I’ve previously written a post about how much Charlie loves music therapy. I now have pictures to illustrate exactly what goes on during a therapy session.

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Shine On

I have been nominated for a Shine On award! I have promised my nominator, msCandaceMarie, that I would get to this post this week. Here it goes:



1: Display the award logo on your blog. Done.

2: Link back to the person who nominated you. Done.

3: State 7 things about yourself.

1) I love chemistry.

2) Charlie was named after a very dear friend of mine named Charles and a chemistry professor who changed my life               named Charles.

3) I have always been kind of a tomboy and have never worn makeup.

4)I am socially awkward.

5)In addition to Charlie, I have a cat and a dog.

6)I love to read just about anything.

7)I love music. Not just listening to the radio. I mean, I really love music.

4: Nominate 15 other bloggers for this award and link to them.

I am running short on time this morning so I have a handful that immediately come to mind.

1) Ain’t No Roller Coaster

2)In The Cave of The Beast

3)Fosterhood In NYC

4) Hydrobabies

5)Preemies Today

6)Preemie Babies 101

7)Life After NICU 

8)Urban Flowerpot

9)Preemie Resources

Charlie has a full (but hopefully uneventful) day today. Fingers crossed that all goes well.

The Rise And Fall Of Charlie


Yesterday, Charlie had a big day full of developmental leaps. I was thrilled when she tried hand to mouth feeding for the first time. I was amazed when she attempted to overtake the coffee table. I had to keep from crying when she scaled my lap and climbed into my arms. It was certainly a day for the baby book.

I am not entirely sure what happened before bed. I do know that it was one of those things. From what I have been told, Charlie’s dad was performing her bed time ritual. On the way to the crib, he placed her in the floor to quickly change her crib sheet. He was either unaware of or underestimated Charlie’s new found skills. She seized the opportunity and escaped with a great speed. Before anyone could react, she tumbled down half the staircase.

Charlie seemed unscathed but her dad and I were shaken.

We made a late night visit to the emergency room for reassurance.

Until last night, my husband had always mocked me for having a “go bag”. I keep Charlie’s diaper bag packed and by the door with her medical information close at hand. I am familiar with the location and specialties of all the available Emergency Rooms in the area. Experience has been an excellent teacher in being prepared and making quick decisions. It took us less than a minute to get in the car and head out.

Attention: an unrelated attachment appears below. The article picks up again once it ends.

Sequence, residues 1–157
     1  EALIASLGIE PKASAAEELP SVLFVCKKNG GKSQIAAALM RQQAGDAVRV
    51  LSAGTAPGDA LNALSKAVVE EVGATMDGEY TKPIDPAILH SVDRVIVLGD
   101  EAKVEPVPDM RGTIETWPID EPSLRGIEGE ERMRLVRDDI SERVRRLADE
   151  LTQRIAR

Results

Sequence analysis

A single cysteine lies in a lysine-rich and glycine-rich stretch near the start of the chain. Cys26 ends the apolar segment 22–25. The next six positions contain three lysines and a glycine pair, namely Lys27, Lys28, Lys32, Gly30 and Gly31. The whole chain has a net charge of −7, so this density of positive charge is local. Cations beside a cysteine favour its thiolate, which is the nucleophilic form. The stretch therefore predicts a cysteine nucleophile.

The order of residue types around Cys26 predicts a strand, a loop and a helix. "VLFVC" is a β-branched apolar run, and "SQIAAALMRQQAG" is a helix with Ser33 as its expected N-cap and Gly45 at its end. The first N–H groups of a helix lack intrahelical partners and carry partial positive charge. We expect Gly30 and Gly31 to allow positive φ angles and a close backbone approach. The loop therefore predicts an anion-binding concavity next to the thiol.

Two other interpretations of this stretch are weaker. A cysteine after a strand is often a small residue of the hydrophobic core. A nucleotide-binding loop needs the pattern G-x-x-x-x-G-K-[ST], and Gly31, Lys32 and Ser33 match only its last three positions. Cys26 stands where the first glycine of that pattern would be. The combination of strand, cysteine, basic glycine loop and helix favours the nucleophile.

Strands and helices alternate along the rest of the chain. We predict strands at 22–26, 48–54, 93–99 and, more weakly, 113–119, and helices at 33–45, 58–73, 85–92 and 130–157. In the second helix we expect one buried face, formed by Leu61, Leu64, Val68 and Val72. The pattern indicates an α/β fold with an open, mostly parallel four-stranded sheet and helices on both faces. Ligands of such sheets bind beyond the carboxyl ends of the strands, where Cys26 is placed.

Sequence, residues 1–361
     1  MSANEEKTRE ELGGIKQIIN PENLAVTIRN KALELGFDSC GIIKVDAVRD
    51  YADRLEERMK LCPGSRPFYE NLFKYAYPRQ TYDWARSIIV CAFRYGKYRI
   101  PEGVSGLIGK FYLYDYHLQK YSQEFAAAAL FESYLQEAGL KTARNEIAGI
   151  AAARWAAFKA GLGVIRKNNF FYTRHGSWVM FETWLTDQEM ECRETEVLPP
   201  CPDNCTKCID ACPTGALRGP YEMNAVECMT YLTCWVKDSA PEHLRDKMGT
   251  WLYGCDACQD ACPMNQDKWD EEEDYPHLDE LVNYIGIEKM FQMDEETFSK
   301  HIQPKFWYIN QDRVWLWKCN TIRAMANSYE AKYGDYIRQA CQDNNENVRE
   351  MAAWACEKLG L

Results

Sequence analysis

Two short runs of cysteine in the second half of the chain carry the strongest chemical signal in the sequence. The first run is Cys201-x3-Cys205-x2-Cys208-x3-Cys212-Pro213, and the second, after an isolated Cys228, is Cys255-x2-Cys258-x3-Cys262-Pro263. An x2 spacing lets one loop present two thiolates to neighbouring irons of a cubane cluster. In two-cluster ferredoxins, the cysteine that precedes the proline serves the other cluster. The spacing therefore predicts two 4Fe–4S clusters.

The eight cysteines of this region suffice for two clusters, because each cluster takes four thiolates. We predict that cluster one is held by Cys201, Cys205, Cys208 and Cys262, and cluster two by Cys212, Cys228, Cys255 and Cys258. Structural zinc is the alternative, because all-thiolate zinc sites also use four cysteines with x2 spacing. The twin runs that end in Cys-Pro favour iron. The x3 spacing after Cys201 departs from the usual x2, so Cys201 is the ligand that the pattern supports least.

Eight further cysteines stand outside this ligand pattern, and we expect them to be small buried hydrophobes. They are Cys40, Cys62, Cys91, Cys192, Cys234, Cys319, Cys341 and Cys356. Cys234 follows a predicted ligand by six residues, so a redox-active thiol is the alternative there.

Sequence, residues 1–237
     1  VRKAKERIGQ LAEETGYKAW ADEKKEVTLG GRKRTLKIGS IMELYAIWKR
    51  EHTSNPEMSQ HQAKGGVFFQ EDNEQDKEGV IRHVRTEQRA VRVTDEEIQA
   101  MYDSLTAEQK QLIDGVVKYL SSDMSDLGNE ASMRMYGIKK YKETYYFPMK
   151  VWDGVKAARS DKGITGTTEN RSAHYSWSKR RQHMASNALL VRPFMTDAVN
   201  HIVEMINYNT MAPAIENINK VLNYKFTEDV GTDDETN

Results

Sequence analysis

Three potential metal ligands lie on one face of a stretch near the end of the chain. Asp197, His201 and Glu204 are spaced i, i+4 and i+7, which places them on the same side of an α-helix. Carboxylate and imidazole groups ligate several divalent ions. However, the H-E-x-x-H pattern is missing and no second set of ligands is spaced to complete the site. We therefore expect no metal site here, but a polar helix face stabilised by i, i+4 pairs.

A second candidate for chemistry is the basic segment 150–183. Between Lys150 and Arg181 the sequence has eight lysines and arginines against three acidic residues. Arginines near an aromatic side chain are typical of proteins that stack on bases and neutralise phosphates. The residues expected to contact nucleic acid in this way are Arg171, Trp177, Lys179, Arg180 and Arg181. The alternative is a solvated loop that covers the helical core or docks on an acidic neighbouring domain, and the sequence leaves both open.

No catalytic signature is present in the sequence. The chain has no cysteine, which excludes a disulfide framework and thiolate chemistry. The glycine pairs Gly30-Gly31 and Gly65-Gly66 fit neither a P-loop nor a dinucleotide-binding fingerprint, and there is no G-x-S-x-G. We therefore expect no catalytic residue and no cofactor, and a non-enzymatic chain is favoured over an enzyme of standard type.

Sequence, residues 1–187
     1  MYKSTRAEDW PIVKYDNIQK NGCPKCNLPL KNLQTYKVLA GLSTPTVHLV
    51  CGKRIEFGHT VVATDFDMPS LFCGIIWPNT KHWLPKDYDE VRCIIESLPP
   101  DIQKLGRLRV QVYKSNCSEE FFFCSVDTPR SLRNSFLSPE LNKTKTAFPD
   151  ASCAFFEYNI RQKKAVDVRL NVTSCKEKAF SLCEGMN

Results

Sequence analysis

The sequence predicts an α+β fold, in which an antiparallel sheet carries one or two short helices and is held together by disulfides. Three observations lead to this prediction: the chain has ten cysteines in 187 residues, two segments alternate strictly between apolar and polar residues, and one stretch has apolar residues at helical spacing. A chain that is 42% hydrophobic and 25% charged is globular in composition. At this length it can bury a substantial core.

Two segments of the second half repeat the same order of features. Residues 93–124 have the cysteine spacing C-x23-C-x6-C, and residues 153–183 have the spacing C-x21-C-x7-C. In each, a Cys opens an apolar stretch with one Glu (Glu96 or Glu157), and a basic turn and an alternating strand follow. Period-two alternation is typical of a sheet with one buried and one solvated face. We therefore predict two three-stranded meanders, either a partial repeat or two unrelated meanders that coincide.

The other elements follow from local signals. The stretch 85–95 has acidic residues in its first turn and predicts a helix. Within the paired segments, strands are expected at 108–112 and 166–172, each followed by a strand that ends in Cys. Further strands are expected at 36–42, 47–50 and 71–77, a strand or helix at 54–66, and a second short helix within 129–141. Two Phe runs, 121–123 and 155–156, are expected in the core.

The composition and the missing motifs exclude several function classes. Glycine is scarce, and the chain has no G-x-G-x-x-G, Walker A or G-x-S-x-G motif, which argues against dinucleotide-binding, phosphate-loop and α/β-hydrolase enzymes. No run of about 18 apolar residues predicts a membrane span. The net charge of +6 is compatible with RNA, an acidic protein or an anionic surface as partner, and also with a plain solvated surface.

After a head to toe examination, Charlie was deemed unharmed. On the other hand, her dad and I may need some time to recover.

Moving Forward In Feeding

Charlie seems to know when I’m starting to feign enthusiasm for her therapy. I think she may strategically choose those moments to master a skill. It is almost like she is saying, “Don’t give up on me!”. Similarly to the day she learned to use her arms, today was one of those days that she unexpectedly moved forward when I greatly needed it.

Because I did not sleep well last night (Charlie was restless and decided she needed a mid night feeding), I have been dragging through my routine today. Halfheartedly, I carried out her lunch time feeding therapy. Afterwards, I fed Charlie her bottle and seated her in her seat. She watched intently as I started to devour my lunch. As I often do when she seems interested in my food, I handed her a sliver of my grilled cheese sandwich. She grabbed it and stared at my blankly. In return, I maintained eye contact with her as I took a bite. I dramatically said, “MMMMMM, that’s so yummy!” as I chewed. She responded with a laugh and smile.

As I turned away, Charlie squealed. I looked and she had taken her piece up to her mouth. She was gumming on it and making her “mmmmm” noise. I cheered. She reveled in my delight. We (her feeding therapist, dad, and I) have been trying to teach her hand to mouth feeding for weeks. I suppose she decided that today was going to be the day. To have proof for her dad, I snapped a picture.

She continued to gum and gnaw at it. After transforming it into a manageable texture, she consumed about a quarter of what I gave her. In addition, I offered her a peach slice off of my plate (which did not turn out so well). She drifted off to sleep shortly afterwards. I found myself rejuvenated by the pleasant surprise.

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One Third Complete

A few months ago, I had written a post explaining why Charlie and I started visiting our state’s parks. I am often asked if we are going to continue now that “lock down” is a thing of the past. Of course!

Due to our recent move and Charlie’s first birthday party, we had taken a few months off of our state park quest. Despite the hiatus in our travel to more distant parks, Charlie and I continued to regularly visit our local state parks. The return to our travel schedule reminded me of how much we missed it during our time off.